U.S. Intellectual History Blog

Is The Middle Ground intellectual history?

“On the middle ground,” contends Richard White in his famous book of the same name, “diverse peoples adjust their differences through what amounts to a process of creative, and often expedient, misunderstandings. People try to persuade others who are different from themselves by appealing to what they perceive to be the values and practices of those others. They often misinterpret and distort both the values and the practices of those they deal with, but from these misunderstandings arise new meanings and through them new practices—the shared meanings and practices of the middle ground.” (1)

As I was rereading this passage and others in Richard White’s exhaustive piece of scholarship for my latest dissertation chapter, it struck me that though borderland historians don’t regard themselves as intellectual historians, much of what they have written about cultural exchanges in the last twenty five years deserves our attention here at the blog. Indeed, following White’s lead, borderlands scholarship has often hinged on casting cultural encounters as fertile soil for new ideas and practices. Nancy Shoemaker’s work on the differences and similarities of ideas in the borderlands is perhaps the best example of what taking an intellectual approach to the borderlands might look like from a more purely ideational perspective (2).

For a long time Native Americans were not really part of American history. There were histories of American policy towards Natives or of wars with Natives but histories that approached Natives as legitimate subject matter were few and far between. Canonical historiography by and large treated the history of Native peoples as marginal to the narratives we tell about this country or even American history more broadly construed. In college, just about twelve years ago, Natives were only a minor side note to the early America survey I took. Though it was in many ways an eyeopening experience, I didn’t even know who the Iroquois/Haudenosaunee were after that course.

Perhaps no book has done more to render the history of Native peoples a legitimate part of our understanding of American history than The Middle Ground. Whether or not we agree with a somewhat romanticized notion of agency intrinsic to the conceptualization of the “middle ground,” it is a remarkable piece of scholarship that casts the ideas entertained and cultural artifacts created by Native and European actors in the borderlands as collaborative.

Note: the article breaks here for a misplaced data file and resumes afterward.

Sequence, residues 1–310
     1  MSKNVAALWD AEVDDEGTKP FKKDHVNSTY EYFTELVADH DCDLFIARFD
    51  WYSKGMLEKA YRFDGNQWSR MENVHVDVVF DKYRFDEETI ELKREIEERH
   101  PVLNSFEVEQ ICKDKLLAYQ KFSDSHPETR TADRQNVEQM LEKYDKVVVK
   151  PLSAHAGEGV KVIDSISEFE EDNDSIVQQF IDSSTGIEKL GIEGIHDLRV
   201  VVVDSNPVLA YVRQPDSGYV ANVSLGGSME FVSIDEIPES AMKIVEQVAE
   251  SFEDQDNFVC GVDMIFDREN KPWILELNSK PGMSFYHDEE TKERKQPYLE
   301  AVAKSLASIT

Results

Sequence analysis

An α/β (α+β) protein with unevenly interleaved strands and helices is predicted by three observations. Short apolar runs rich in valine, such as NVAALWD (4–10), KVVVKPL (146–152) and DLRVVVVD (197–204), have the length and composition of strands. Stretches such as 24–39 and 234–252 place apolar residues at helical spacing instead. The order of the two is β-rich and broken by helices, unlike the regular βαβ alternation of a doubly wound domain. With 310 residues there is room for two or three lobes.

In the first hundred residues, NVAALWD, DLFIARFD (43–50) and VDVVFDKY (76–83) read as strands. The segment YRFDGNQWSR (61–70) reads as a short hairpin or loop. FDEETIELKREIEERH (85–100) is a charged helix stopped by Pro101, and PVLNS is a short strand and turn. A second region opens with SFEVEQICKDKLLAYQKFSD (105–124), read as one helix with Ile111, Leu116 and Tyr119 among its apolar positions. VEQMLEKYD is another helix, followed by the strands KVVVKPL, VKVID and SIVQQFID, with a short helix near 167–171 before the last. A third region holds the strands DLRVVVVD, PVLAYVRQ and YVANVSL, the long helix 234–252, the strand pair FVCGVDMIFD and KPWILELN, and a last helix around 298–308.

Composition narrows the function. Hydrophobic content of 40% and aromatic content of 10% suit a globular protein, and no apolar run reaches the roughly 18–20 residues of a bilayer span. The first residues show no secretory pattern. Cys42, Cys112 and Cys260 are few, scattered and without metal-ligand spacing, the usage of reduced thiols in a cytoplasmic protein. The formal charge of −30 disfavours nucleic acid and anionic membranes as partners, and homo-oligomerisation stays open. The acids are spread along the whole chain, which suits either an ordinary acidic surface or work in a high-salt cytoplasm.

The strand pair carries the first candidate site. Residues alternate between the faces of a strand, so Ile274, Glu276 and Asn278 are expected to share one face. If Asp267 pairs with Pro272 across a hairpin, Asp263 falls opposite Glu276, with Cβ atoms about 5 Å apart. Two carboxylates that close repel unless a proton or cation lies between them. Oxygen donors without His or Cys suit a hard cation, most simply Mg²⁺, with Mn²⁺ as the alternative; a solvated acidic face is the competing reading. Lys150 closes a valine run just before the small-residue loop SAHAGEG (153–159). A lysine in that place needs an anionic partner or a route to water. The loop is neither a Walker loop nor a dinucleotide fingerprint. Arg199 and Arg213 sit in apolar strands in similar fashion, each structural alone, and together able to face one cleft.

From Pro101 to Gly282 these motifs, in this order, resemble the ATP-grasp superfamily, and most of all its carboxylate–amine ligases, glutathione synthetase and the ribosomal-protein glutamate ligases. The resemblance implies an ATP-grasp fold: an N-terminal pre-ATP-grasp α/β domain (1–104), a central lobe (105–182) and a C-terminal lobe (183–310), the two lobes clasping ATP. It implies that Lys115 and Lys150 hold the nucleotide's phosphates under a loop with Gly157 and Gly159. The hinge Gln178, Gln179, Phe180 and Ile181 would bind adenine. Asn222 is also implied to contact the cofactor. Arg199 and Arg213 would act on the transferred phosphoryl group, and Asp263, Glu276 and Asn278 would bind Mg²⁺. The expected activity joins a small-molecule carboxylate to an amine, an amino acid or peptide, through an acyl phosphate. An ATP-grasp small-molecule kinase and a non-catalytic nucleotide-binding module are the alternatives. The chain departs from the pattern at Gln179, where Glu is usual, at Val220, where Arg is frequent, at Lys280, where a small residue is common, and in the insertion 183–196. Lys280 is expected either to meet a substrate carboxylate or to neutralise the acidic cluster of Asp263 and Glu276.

However, it seems to me that until we have an intellectual history of cultural encounters and of Native peoples’ thought we will not have reached a point where we can feel that we have fully acknowledged the significance of Native peoples to American history. After all, it was the idea of “civilization”—which put such an emphasis on the superior intellectual capacities of the west—that legitimized wreaking havoc on Native peoples and later deemed them unworthy as historical subject matter. This, I think, puts quite a burden on our shoulders as intellectual historians. It is in some peculiar way up to us, who regard ourselves as the champions of the intellect in American history, to ensure that in so doing we do not perpetuate antiquated notions of that appellation.

Put differently, shouldn’t we start thinking of The Middle Ground as bonafide intellectual history?

[1] Richard White, The Middle Ground: Indians, Empires, and Republics in the Great Lakes Region, 1650-1815 (1991), x.

[2] Nancy Shoemaker, A Strange Likeness: Becoming Red and White in Eighteenth Century North America (2004).

4 Thoughts on this Post